Peaceful Winter Olympics come to a close
The Winter Olympics wrapped up over the weekend with a flourish of closing ceremony pageantry, sending athletes home to their respective countries.
Some will be hailed heroes, some will be haunted by what might have been; others will set their sights on 2018.
Memorable American medal moments abound: ice dancing gold, Ted Ligety’s giant slalom triumph, and the U.S. slope style skiing medal sweep, just to name a few.
There were the record-setting stars, Lolo Jones and Lauryn Williams, who went from the summer track to the winter bobsled, two of only 10 Americans to compete in both summer and winter Games.
Other US athletes made us cheer for them in defeat, like skier Bode Miller fighting back tears thinking about the death of his brother, or figure skater Jeremy Abbott’s refusal to quit after a hard fall ended his medal hopes; athletes who reminded us of the courage it takes to overcome the obstacles of life.
And perhaps surprisingly, we sometimes found ourselves cheering for competitors wearing another country’s colors. It was easy, for example, to root for Pittsburgh Penguin captain Sidney Crosby as he battled for Canadian hockey gold.
The touching tribute to Canadian super pipe star Sarah Burke transcended nationality; her daring spirit was remembered as the sport she campaigned to bring to the Olympics made its debut, even without their greatest champion, who died in a ski accident in 2012. An American won gold at the event, but the brightest star was the departed Burke who had inspired all of the competitors.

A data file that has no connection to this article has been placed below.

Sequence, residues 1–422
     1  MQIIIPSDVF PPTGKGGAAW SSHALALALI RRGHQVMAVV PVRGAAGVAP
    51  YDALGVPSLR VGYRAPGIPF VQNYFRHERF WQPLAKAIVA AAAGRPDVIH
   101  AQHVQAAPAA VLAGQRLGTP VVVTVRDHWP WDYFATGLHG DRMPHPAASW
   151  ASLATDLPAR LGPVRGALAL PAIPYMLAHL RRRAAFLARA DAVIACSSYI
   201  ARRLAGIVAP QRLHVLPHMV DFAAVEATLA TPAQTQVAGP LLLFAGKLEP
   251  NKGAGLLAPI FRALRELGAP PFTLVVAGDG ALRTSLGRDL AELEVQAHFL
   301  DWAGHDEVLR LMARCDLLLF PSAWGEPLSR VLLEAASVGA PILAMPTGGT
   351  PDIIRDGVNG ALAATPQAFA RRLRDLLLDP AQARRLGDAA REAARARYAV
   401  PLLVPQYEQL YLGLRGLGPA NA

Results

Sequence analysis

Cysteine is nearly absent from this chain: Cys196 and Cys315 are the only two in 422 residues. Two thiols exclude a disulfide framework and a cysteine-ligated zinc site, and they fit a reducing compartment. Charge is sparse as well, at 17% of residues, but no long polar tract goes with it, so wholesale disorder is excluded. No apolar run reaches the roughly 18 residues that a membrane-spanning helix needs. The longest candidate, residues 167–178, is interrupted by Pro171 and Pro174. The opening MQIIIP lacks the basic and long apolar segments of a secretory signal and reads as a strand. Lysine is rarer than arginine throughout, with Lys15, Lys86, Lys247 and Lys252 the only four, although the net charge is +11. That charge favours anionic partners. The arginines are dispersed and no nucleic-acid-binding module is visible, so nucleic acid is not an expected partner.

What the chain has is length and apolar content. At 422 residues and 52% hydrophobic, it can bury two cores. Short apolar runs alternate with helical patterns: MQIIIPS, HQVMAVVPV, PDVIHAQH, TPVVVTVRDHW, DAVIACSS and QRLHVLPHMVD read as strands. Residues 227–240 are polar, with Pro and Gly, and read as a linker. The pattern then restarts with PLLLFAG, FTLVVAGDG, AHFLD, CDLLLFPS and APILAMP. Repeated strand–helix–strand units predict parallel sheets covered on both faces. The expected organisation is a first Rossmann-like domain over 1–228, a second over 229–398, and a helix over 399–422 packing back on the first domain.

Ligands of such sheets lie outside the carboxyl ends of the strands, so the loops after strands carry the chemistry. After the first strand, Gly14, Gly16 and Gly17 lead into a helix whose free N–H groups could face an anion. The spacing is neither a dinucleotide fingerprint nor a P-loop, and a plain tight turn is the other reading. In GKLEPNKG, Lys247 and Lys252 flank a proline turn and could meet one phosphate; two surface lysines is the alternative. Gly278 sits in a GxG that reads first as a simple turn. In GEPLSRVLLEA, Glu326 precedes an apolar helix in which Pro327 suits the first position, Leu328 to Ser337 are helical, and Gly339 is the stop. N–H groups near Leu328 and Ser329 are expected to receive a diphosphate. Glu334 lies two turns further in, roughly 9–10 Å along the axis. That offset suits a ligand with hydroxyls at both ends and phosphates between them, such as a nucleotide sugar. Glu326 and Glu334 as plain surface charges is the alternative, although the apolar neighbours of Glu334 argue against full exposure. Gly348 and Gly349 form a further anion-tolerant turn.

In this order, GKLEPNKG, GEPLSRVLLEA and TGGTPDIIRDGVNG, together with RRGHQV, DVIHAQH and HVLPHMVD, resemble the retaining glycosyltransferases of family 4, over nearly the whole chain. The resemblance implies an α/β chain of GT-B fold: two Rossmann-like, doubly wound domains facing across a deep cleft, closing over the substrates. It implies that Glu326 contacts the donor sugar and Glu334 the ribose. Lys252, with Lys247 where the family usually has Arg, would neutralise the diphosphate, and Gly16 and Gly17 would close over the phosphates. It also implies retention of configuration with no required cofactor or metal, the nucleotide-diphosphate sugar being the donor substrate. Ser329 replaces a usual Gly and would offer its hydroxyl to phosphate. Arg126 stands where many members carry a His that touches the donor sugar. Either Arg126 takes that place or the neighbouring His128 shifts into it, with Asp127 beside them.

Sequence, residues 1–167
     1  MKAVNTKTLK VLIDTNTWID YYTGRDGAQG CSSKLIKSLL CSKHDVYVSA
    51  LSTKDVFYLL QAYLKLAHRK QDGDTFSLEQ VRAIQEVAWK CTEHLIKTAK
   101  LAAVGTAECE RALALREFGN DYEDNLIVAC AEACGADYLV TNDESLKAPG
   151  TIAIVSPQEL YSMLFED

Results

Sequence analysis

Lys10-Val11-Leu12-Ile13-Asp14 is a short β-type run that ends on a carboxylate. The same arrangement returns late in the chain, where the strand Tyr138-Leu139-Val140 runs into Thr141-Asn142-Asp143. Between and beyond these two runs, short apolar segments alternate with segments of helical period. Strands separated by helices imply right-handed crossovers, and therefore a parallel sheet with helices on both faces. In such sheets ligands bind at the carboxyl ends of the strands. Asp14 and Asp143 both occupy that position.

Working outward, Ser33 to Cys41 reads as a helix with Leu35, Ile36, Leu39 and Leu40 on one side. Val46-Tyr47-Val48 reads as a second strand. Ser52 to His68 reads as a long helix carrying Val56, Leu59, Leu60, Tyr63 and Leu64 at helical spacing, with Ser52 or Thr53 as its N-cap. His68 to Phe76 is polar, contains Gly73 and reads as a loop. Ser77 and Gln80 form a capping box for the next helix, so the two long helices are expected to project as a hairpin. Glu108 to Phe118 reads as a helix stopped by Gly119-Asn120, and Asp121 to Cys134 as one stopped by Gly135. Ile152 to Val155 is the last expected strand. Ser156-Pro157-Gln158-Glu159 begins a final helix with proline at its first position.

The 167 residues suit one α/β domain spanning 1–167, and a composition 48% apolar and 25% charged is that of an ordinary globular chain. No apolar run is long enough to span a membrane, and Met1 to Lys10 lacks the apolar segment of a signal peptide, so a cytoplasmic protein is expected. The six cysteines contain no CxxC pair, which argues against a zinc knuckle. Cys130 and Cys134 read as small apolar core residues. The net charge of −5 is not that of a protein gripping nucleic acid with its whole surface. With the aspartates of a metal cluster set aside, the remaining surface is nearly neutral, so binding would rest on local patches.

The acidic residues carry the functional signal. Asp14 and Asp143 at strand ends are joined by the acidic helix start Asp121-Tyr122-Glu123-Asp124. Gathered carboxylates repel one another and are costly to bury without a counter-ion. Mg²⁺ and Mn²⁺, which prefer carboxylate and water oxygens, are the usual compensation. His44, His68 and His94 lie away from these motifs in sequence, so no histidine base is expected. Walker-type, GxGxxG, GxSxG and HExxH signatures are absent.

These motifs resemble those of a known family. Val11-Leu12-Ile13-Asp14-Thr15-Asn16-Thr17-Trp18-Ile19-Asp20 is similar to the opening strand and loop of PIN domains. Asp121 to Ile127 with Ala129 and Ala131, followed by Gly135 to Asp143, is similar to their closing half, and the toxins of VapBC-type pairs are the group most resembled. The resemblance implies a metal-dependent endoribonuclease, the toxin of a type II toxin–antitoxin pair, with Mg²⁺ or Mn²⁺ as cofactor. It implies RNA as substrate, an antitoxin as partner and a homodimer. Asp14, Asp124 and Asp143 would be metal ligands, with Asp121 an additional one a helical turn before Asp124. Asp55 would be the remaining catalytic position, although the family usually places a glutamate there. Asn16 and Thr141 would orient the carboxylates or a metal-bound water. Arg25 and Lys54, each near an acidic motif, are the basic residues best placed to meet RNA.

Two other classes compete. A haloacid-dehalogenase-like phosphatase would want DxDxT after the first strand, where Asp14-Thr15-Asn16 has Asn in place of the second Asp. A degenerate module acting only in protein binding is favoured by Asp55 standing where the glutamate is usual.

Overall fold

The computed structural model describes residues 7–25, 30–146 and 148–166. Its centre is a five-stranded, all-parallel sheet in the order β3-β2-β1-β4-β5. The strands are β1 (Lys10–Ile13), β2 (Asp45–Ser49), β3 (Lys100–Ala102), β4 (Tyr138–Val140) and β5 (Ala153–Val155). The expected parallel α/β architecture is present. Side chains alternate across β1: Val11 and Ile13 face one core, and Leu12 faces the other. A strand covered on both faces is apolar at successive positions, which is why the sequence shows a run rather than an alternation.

There was the exciting French sweep in the men’s ski cross, and the three Canadian sisters competing in the moguls among many inspiring international storylines.
But it was also touching and exciting to see Russian ice skaters take the team title in front of their home crowd, led by a four-time Olympic legend in men’s skating and a tiny teenager on the women’s side. It was hard not to cheer for the powerful pair who returned Russia to the top of the podium while under so much pressure to perform.
As the host country rose to the top of the medal count, in spite of the well-documented logistical issues surrounding the games, the pride of the Russian people was on full display. Perhaps it was most evident in the teary eyes of their gold medalists as they presented the flag and sang their national anthem during the closing ceremonies.
It would have been a similar scene in any host country. It was a far cry from the boycotted Olympics during the cold war.
As a new week begins, world politics continue, with the many strains between countries around the globe. But for these last two weeks, we were reminded of more similarities than differences in athletes and in people under the flags of all nations, as the world united in sport, allowing us to cheer for many home teams.
Kellie Goodman Shaffer can be reached at firstname.lastname@example.org.